The Only DISEASE You Are Punished For Having – By Mary Beth Cichocki

ADDICTION. The only DISEASE you are punished for having. Those who have no clue shout, “let them die. Narcan is wasted on an addict” and my favorite ” Thin the herd.” Let’s remember, many of those hated people, those who are thought of as disposable and a waste to save, are sons, daughters, fathers and mothers. They are teachers, pilots, nurses and doctors. They are Prince, Michael, Whitney and Heath. Bon Jovis daughter and Rob Reiners son. They became addicted to legally prescribed pills that were marketed under the lie of being safe. The people so many hate became victims of the lies told by Big Pharma and the FDA. These victims are buried with the hateful stigma that makes it impossible to get the treatment so readily available to victims of any other chronic DISEASE. I hope you will think before you continue to bash and spew hatred at… Continue reading

Mothers Are Not Supposed To Bury Their Children – By MaryBeth Cichocki

Mothers are not supposed to bury their children. It goes against nature. When a mother loses her young, the world slips off its axis and spins out of control. The universe mourns knowing it has gone against the circle of life, children should bury their mothers, not the other way around. Yet every day, another mother joins my club. The club of the brokenhearted, the club every mother prays to avoid. The club where one day you were whole and the next broken beyond repair. Breath and joy have been sucked out of your body and replaced with a pain so powerful, your soul is lost in the grief. Your world shattered beyond repair. Your child is gone. A victim of a horrible disease. A misunderstood, mistreated disease. The disease that marked them as unworthy and disposable. The disease of addiction. Your grief is never ending. It begins as you… Continue reading

My Daughter the Addict-A Suburban Mom’s Nightmare – By Katie Donovan

I was the PTO mom, the carpool mom, the Brownie leader.  We ate family dinners at the table, taught our children manners and took family vacations.  My husband and I were blessed to have very good jobs.  My daughter, Brittany, the beautiful girl in the photo, was the honor roll student, the volunteer at the city parks and recreation department and loved playing sports. THEN OUR ENTIRE LIVES CHANGED Growing up, I had skewed images of what a heroin addict looked like.  I envisioned them sitting in an ally, or a gangster or a criminal.  The stereotypical hippie from the 60’s and 70’s that grew up in a bad home. I had preconceived notions that you had to stay away from them…that they were BAD PEOPLE. NEVER ONCE DID I ENVISION MY DAUGHTER.  I am very ashamed of my thoughts now.  I never really had a “real” exposure to addiction. … Continue reading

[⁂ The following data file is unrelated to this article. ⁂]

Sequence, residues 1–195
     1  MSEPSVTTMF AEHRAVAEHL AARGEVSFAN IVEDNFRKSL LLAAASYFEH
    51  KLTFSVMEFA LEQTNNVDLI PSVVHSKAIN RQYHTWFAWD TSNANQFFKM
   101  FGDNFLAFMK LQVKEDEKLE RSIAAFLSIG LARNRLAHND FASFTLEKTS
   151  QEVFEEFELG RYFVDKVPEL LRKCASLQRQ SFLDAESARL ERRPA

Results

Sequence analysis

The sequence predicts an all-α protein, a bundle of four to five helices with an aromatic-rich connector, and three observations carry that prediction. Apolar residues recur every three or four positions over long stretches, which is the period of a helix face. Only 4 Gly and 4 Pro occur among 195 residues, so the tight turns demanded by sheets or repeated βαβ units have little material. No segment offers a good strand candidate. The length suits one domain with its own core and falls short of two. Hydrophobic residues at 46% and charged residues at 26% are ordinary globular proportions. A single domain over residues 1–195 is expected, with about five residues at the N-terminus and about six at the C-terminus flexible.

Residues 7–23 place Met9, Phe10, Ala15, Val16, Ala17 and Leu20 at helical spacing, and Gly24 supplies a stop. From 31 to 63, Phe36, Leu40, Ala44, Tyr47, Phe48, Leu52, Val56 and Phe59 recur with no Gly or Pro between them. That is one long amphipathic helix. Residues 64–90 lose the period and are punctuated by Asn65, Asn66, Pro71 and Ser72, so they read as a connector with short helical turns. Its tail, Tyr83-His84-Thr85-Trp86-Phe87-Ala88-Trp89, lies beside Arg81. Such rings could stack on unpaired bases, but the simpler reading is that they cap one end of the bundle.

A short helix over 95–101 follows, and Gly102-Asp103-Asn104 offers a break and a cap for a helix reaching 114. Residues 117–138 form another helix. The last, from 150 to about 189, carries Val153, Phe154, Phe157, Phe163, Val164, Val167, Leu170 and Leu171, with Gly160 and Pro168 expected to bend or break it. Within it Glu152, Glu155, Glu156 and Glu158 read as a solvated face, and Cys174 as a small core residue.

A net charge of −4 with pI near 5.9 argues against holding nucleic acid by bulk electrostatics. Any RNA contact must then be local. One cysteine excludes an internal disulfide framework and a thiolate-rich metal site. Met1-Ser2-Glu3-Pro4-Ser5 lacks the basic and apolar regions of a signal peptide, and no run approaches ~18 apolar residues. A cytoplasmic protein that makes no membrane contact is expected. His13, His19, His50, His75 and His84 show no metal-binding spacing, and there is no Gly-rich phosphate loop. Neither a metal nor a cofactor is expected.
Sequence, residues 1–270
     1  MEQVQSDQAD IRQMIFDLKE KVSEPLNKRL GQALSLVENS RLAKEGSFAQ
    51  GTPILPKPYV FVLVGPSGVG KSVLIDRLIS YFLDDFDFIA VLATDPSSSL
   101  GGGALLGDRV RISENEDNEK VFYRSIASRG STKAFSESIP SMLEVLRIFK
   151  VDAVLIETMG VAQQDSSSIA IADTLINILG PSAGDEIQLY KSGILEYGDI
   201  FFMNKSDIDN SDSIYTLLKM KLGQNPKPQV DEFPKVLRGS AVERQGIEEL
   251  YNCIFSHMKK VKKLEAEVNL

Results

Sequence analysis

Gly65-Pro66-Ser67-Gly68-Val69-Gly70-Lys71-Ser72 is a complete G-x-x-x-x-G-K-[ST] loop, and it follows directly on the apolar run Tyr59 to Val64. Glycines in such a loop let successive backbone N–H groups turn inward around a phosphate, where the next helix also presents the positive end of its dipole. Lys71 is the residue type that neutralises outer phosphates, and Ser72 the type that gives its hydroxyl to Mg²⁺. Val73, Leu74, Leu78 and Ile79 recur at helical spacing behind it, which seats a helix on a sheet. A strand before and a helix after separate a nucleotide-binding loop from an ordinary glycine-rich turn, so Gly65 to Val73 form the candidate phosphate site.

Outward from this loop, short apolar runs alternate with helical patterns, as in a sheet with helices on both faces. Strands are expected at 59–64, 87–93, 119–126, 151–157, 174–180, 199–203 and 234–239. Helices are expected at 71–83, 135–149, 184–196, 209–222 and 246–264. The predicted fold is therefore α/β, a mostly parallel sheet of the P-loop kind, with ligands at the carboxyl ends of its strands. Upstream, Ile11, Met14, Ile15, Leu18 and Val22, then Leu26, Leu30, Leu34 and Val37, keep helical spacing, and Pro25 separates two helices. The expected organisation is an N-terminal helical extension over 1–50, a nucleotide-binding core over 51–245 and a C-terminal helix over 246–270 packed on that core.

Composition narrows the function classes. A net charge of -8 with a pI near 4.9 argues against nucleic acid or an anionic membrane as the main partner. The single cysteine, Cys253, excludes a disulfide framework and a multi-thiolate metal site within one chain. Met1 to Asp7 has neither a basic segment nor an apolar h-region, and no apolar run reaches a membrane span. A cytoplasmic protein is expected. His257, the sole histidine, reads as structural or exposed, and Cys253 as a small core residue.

The Top 5 Things I’ve Learned Through My Sons Recovery – By Amy Tompkins Albanese

We bond in groups through the similarities in our loved ones as they go through the many stages of addiction: detox, rehab, relapse, homelessness, incarceration, overdose. We get to know the look, the actions, the talk, the walk…our instincts and intuition become hyper-sensitive and fine-tuned to every phase of addiction. We speak a language that few of our friends could ever comprehend. We are educated about subjects that we never wanted to know about. Addiction is a beast of a disease and we share every gruesome moment of it with one another. We all want the same thing – recovery. So why is it so difficult to share about recovery? Is it possible to jinx someone? To tempt fate to step in and ruin it all? Do we feel guilty for our good fortune when so many others are still suffering? Shouldn’t we be giving hope and spreading the word… Continue reading

Drinking: A Love Story – Giving Over By Jackie S

One of the very worst things associated with alcoholism is lack of self-esteem. While this seems to be more prevalent for women, it affects people of both sexes.  So often we hear people say that they always felt that they were less than. It is that feeling of not being good enough that led Caroline Knapp to the next chapter of her book. In this chapter, she talks about clinging to relationships, fear of being alone and the depths that we will go to pursue a phantom relationship. It took me longer than I expected to put pen to paper on this topic. Those who have been reading all along know enough of my story to know that I lived in a dysfunctional relationship for many years. But it wasn’t until I read this chapter with my reading buddy that I really began to understand that this insanity was not… Continue reading